Chances Are, You Know Someone Who Has It
By Vanessa Burns (Contributor)
How could a man as funny and as talented as Robin Williams take his own life? He had money, a family, and a glorious career. What more could he want? One can’t have everything and still be depressed.
These are the types of things that shocked fans all over the globe asked themselves after beloved actor Robin Williams committed suicide this past August. There aren’t really any answers to these important questions.
As most of us know, Robin Williams battled with depression. Depression is a mental disorder. It is not sadness. It is not laziness. It is not the feeling you get when you get dumped. Depression is a disease that agonizes more than 350 million people worldwide, 20 million of which live in the United States. Its cause isn’t quite certain, but many factors do come into play as sources of this disorder, such as biological differences and miscommunications between neurotransmitters in the brain, traits inherited from our parents, and in a few cases, life events, such as losing a loved one. However, depression can present itself without a traumatic event occurring in an individual’s life. In these cases, depression appears to have no cause simply because we can’t see one. But it doesn’t make depression less real. It doesn’t make the symptoms more bearable.
Despite depression being an illness that sometimes has no apparent cause, many people believe that there has to be a reason for it, whether it be an abusive relationship, a divorce, or stress at work or school. But this is false. Sure, these factors can sometimes contribute to depression, but not always. Many people with depression don’t know why they feel the way that they do – hopeless, angry, sad, suicidal. They feel this way for no visible reason. But the reason is depression. This disease affects how you feel despite what’s happening in your life. You could have everything you want and still feel depressed, because depression can affect anyone – even famous comedians.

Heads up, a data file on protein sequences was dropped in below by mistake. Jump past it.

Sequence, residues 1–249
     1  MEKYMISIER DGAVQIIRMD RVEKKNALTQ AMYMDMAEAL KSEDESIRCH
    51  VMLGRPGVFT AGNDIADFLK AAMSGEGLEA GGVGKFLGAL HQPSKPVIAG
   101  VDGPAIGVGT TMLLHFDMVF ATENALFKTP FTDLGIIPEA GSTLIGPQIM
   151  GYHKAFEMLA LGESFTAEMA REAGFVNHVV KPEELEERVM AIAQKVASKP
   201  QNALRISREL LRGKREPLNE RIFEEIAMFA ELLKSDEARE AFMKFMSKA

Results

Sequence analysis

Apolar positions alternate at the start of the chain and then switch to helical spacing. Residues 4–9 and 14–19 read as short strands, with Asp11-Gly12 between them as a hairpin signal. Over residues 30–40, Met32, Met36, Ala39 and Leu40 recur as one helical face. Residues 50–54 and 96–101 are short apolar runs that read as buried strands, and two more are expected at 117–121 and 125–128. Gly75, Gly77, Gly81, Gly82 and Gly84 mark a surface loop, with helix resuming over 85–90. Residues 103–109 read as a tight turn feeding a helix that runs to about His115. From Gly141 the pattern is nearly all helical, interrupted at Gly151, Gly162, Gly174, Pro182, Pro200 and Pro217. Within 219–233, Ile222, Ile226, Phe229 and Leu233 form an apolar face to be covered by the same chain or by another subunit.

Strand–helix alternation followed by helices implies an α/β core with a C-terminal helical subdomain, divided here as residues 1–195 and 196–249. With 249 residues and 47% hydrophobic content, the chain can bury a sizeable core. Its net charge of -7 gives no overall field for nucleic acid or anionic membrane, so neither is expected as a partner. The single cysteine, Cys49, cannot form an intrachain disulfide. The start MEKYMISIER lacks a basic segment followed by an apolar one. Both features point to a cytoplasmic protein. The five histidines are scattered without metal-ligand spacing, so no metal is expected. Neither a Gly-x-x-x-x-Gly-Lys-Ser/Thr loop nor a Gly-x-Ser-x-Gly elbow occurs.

The fact is, depression is so common. Did you know that it affects 1 in 8 adolescents? That means that you most likely know a few classmates that are depressed. You just might not know that they are suffering. There is such a negative stigma associated with depression and with mental disorders in general. That’s only because we – as students, as Canadians, as humans – simply aren’t educated on this topic. We don’t know what the symptoms are, we’re not sure what causes it, and we don’t know how common it is. We need to talk about it. We need to become more understanding about what it is and how it affects people. So many people are suffering, and many of them are suffering in silence. Too many mothers, lovers, friends, classmates, and even comedians are suffering. But for them to speak up, we need to speak up too. We need to talk about depression.